The European Commission said it estimates at least 147,000 people in Sudan were affected by severe flooding in recent weeks. The commission said more than half of the people suffering live in the central state of Khartoum.
European Commissioner for Crisis Response Kristalina Georgieva said the European community has provided more than $100 million in assistance to Sudan since last year. Most funding involves support for training humanitarian workers and establishing stockpiles of emergency supplies.
"I am confident that the government of Sudan will rapidly allow humanitarian organizations to access the affected areas," she said in a statement Tuesday. "It is crucial that assessments can be carried out urgently to understand the level and type of assistance required."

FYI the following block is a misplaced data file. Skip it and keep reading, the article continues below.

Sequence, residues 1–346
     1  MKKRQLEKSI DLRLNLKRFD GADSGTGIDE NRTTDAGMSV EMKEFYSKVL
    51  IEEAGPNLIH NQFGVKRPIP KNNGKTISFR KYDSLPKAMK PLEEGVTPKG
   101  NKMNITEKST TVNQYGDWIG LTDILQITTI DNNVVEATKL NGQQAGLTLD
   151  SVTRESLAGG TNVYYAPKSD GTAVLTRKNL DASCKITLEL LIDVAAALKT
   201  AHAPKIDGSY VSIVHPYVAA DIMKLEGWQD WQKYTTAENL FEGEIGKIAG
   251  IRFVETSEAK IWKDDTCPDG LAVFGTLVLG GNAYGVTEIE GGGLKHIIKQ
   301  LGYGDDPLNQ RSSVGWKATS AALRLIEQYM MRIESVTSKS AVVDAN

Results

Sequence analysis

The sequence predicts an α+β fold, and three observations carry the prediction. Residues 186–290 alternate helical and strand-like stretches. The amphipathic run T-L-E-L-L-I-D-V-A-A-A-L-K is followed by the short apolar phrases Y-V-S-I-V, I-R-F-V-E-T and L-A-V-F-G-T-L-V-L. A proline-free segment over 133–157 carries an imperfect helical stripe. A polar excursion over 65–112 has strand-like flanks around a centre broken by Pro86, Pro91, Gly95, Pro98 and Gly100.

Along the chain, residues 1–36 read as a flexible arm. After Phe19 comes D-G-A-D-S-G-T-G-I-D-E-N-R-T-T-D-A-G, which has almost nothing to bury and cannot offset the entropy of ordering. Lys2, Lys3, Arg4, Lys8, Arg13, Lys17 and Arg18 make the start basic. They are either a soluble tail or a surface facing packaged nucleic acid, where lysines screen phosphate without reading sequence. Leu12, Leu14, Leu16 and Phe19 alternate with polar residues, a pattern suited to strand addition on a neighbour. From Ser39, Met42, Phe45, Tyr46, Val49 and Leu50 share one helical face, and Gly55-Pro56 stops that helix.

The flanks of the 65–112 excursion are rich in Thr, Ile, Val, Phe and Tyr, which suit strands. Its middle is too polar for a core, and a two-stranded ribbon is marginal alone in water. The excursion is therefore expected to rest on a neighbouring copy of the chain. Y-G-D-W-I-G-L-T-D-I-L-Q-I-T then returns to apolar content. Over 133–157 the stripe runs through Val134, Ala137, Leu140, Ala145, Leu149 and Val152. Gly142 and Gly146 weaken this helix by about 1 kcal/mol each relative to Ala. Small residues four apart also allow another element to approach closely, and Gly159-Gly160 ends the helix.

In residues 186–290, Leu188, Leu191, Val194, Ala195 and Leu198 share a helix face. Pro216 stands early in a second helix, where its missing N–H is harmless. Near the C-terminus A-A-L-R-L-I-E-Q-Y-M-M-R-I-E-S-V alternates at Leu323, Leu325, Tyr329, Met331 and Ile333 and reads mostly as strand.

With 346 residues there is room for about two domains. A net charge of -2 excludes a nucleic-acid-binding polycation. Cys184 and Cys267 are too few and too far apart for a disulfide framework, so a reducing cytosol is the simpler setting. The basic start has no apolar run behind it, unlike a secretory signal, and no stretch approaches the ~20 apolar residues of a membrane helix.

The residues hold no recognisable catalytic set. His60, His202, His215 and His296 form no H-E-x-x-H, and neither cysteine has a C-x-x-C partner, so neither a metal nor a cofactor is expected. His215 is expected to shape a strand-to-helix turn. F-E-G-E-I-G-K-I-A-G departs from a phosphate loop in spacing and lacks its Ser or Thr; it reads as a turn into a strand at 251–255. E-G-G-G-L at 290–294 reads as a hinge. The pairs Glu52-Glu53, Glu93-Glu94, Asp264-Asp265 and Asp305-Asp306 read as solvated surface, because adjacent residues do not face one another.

Georgieva made no mention of security and human rights concerns in Sudan.
The U.N. High Commissioner for Refugees said this month it was forced to scale back its operations in strife-torn Darfur because work permits for 20 of its staff members were not renewed.
The U.S. State Department said the decision raised serious concerns about Khartoum's commitment to peace, adding the incident was "particularly unfortunate."